Phase I: Transforming Dust to Discovery
The pathway from discovery to investigational new drug just got shorter at the Harper Cancer Research Institute. Due to the generous benefaction of the Harper Family Foundation, the lower level of Harper Hall is undergoing a transformation from a cavernous dirt-floored shell into a state-of-the-art Center for Investigational Medicine.
The Center for Investigational Medicine will fill a critical unmet need to combine ongoing efforts in drug discovery at the Warren Center, translational oncology research at the Harper Cancer Research Institute, and imaging technologies at the Notre Dame Integrated Imaging Facility. Once it is fully operational, the Center will expedite translation of basic research findings toward clinical trials by providing in vivo models of human cancer for testing of investigational new drugs, drug formulations, combination therapies, imaging agents and imaging modalities, and biomarker validation.
“A major goal of the Center for Investigational Medicine is to remove barriers between basic discovery research and translation into clinical care” said Sharon Stack, Director of the Harper Cancer Research Institute. “Currently an investigator must interface with multiple different core facilities to execute a pre-clinical cancer therapeutic study. By offering an integrated approach to pre-clinical testing, we hope to use the resulting efficacy data to transition promising lead compounds to human clinical trials.”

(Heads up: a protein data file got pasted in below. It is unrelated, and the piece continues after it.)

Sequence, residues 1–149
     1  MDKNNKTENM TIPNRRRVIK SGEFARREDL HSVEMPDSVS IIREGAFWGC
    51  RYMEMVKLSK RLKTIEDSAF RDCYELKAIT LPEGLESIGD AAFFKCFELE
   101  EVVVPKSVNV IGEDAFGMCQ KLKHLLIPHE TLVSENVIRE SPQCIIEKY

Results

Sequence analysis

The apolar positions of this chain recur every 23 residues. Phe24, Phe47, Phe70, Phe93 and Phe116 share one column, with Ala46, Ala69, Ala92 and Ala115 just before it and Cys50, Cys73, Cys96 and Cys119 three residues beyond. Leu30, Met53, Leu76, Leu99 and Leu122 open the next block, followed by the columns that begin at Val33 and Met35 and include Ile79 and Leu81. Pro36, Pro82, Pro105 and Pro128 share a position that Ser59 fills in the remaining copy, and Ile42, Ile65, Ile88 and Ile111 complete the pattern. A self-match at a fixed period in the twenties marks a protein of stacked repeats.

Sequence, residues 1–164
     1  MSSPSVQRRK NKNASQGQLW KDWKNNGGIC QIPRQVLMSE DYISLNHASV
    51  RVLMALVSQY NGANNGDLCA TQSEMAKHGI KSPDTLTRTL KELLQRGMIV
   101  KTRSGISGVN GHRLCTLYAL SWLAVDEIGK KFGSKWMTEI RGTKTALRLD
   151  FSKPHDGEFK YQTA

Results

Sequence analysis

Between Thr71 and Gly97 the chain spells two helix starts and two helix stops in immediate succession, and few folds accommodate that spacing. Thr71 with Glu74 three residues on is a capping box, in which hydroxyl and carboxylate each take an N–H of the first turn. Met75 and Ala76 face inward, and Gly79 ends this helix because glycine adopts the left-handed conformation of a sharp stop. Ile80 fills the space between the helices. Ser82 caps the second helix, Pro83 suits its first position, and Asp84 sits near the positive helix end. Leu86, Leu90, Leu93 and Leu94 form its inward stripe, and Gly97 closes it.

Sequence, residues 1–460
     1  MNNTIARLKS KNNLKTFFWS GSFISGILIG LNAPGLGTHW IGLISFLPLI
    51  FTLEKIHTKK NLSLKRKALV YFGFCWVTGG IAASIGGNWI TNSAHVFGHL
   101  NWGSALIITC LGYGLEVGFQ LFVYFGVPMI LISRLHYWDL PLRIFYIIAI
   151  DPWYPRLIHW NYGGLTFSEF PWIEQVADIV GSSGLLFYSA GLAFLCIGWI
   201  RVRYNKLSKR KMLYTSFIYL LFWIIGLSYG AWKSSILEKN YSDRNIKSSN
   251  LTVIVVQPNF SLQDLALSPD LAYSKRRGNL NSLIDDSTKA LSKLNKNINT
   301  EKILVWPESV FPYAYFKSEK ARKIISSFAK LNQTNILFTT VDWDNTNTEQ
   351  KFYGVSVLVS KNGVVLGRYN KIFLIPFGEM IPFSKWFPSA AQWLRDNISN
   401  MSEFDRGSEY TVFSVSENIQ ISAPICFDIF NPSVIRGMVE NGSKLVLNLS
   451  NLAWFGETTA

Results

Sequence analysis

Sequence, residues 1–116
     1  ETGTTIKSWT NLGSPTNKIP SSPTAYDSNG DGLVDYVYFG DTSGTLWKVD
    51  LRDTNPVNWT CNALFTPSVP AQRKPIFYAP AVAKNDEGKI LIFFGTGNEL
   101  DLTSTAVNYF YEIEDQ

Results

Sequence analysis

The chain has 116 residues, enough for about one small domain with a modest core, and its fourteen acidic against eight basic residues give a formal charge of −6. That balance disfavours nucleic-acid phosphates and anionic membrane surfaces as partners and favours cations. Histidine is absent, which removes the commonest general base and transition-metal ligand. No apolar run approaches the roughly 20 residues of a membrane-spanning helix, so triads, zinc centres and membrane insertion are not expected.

The Center for Investigational Medicine space was formally dedicated on November 20, 2021 at a ceremony attended by Besty and Chris Murphy of Omaha, NE, as representatives of the Harper Family Foundation. The Prayer of Dedication, offered by Father James Foster, C.S.C, M.D, Associate Dean of the Notre Dame College of Science, reminded attendees that “As a means of doing good in this world, there is no greater force than those who dedicate their lives to performing groundbreaking research and clinical trials within these walls, to end the suffering that cancer brings to patients and their families.”
Phase II of the project will include equipping the imaging suite and staffing the Center.
Originally published by harpercancer.nd.edu on December 21, 2021.at